Red reflex examination is recommended for all infants. This statement describes the indications for and the technique to perform this examination, including indications for dilation of the pupils before examination and indications for referral to an ophthalmologist.
Current American Academy of Pediatrics policy recommends eye examinations for infants and children at specified intervals during their development, including an examination to take place sometime during the first 2 years of life, stating: “Vision screening and eye examination are vital for the detection of conditions that distort or suppress the normal visual image, which may lead to inadequate school performance or, at worst, blindness in children. Retinal abnormalities, cataracts, glaucoma, retinoblastoma, eye muscle imbalances, and systemic disease with ocular manifestations may all be identified by careful examination.”1
The policy further recommends that an eye evaluation for infants and children from birth to 2 years of age include examination of the following:
Eyelids and orbits;
External structures of the eyes;
Eye muscle balance;
The red reflex test is used to screen for abnormalities of the back of the eye (posterior segment) and opacities in the visual axis, such as a cataract or corneal opacity. An ophthalmoscope held close to the examiner’s eye and focused on the pupil is used to view the eyes from 12 to 18 inches away from the subject’s eyes. To be considered normal, the red reflex of the 2 eyes should be symmetrical. Dark spots in the red reflex, a blunted red reflex on 1 side, lack of a red reflex, or the presence of a white reflex (retinal reflection) are all indications for referral to an ophthalmologist.
Concern has been expressed recently that diagnosis of serious ocular conditions, including retinoblastoma and congenital cataract, in which early treatment is essential for future ocular and systemic health, often is not made sufficiently early to minimize potential consequences of those conditions. This concern has led to consideration of legislation in several statesa mandating early pupil-dilated red reflex examinations in all neonates or very young infants.
Although in infants, pupils are easily dilated using various agents, significant complications have been sporadically reported with all commercially available dilating agents, including sympathomimetic agents like phenylephrine and anticholinergic agents like cyclopentolate hydrochloride and tropicamide. These complications include elevated blood pressure and heart rate,2 urticaria,3 cardiac arrhythmias,4 and contact dermatitis.5,6 However, pupillary dilation has been performed routinely for many years in almost all new patients seen in most pediatric ophthalmology offices, with no complications seen for years at a time, so this procedure appears to be very safe when performed in an office setting on infants older than 2 weeks. Similarly, premature infants’ pupils are often dilated in the neonatal intensive care unit without significant complication, so dilation appears to be relatively safe even in very young infants.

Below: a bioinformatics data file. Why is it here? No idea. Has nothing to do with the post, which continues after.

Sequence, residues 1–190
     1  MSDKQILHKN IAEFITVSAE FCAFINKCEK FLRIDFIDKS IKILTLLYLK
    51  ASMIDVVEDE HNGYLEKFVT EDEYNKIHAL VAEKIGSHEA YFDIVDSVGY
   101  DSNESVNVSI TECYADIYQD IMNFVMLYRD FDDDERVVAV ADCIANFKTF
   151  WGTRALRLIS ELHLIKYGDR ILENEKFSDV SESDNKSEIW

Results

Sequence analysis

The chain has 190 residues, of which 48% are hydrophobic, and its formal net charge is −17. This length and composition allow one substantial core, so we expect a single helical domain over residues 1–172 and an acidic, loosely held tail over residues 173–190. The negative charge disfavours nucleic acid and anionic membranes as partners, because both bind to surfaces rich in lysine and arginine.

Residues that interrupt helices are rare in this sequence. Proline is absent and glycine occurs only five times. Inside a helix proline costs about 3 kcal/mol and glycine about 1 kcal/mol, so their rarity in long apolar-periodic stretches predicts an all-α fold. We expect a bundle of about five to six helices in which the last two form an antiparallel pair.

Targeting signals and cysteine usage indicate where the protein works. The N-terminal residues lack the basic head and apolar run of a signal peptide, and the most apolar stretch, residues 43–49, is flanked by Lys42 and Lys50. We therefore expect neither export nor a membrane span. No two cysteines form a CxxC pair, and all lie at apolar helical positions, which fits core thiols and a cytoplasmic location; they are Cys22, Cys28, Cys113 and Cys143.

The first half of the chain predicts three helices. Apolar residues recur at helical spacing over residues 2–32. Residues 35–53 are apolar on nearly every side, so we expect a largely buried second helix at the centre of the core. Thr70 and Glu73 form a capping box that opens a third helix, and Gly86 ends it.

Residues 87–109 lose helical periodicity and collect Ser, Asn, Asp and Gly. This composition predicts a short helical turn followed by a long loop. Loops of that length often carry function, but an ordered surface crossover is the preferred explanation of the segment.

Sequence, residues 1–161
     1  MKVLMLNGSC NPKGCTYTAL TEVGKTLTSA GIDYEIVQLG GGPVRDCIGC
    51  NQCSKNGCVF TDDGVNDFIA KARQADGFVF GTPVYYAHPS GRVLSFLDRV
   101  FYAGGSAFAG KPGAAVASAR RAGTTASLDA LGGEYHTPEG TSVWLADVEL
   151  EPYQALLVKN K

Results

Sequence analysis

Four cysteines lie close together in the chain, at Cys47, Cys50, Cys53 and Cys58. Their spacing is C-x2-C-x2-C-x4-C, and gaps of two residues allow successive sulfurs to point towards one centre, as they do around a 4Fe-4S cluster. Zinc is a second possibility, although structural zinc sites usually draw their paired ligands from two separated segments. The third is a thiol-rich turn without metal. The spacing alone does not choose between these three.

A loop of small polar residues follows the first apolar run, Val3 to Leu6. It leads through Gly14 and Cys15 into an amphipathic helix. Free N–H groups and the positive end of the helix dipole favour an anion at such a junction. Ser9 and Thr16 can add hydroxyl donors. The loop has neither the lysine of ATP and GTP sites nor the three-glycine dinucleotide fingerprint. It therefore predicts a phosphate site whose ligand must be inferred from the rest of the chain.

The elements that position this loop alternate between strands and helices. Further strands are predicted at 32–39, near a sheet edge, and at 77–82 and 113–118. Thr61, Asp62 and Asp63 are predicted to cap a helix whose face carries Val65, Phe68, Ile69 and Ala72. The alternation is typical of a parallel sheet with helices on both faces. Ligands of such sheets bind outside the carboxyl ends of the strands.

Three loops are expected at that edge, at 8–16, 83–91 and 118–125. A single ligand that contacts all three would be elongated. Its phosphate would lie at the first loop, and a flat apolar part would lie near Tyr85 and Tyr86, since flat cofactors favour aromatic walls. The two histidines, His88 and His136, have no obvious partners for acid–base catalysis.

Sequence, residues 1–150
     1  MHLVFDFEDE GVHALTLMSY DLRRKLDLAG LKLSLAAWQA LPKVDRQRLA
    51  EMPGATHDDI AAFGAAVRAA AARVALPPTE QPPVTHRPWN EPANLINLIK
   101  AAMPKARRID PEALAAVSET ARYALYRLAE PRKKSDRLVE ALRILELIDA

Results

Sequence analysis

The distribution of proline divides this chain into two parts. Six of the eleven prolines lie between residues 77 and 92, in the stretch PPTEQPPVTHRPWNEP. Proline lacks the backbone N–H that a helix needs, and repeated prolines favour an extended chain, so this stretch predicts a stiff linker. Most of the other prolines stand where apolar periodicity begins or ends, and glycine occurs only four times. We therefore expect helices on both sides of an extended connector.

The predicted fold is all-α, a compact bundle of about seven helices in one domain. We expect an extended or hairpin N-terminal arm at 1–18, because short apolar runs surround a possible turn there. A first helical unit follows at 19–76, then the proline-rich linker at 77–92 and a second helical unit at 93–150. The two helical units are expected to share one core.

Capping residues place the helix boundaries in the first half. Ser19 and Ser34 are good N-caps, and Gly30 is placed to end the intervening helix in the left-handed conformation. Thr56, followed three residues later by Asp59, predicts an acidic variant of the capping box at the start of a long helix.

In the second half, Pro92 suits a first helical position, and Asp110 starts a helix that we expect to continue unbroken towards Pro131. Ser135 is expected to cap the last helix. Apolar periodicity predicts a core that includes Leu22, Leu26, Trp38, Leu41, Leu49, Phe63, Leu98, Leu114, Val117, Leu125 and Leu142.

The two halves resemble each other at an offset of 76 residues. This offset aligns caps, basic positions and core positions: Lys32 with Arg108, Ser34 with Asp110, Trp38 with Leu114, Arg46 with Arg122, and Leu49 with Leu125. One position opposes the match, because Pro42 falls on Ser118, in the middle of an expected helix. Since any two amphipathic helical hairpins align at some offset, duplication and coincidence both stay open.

The purpose of this policy statement is to suggest a guideline based on current knowledge and experience for examination of the eyes of young infants to minimize the risk of delay in diagnosis of serious vision-threatening or life-threatening disorders.
All infants should have an examination of the red reflex of the eyes performed during the first 2 months of life by a pediatrician or other primary care clinician trained in this examination technique. This examination should be performed in a darkened room on an infant with his or her eyes open, preferably voluntarily, using a direct ophthalmoscope held close to the examiner’s eye and approximately an arm’s length from the infant’s eyes.
The result of a red reflex examination is to be rated as negative or normal when the reflections of the 2 eyes are equivalent in color, intensity, and clarity and there are no opacities or white spots (leukokoria) within the area of either or both red reflexes.
A positive or abnormal result of a red reflex examination (inequality in color, intensity or clarity of the reflection, or the presence of opacities or white spots) should be followed, in a timely fashion, by 1 of 2 actions:
A red reflex examination preceded by pupil dilation with ≤1% tropicamide or a ≤1% tropicamide/2.5% phenylephrine mixture or a 0.25% cyclopentolate/2.5% phenylephrine (eyedrop or spray), administered to each eye approximately 15 minutes before this examination.
Examination by an ophthalmologist experienced in the examination and treatment of the eyes of young infants, including ocular fundus examination, using indirect ophthalmoscopy after pupil dilation.
Infants in high-risk categories, including relatives of patients with retinoblastoma, congenital cataract, congenital retinal dysplasia, and other congenital retinal and lenticular disorders should initially have a dilated red reflex examination or examination by an ophthalmologist experienced in the examination and treatment of the eyes of young infants, as described previously (3b).
Infants with a history of leukokoria (a white pupillary reflex) in 1 or both eyes noted by parents or other observers or on any physical examination, and those with absence of a red reflex should have an examination by an ophthalmologist experienced in the examination and treatment of the eyes of young infants, as described previously (3b).
Red Reflex Subcommittee
*Walter M. Fierson, MD, Chairperson
Allan M. Eisenbaum, MD
Howard L. Freedman, MD
Harold P. Koller, MD
Section on Ophthalmology, 2001–2002
Gary T. Denslow, MD, MPH, Chairperson
Steven J. Lichtenstein, MD, Chairperson-Elect
Jay Bernstein, MD
Edward G. Buckley, MD
George S. Ellis, Jr, MD
Gregg T. Lueder, MD
James B. Ruben, MD
Michael Redmond, MD
Stephanie M. Mucha, MPH
- Copyright © 2002 by the American Academy of Pediatrics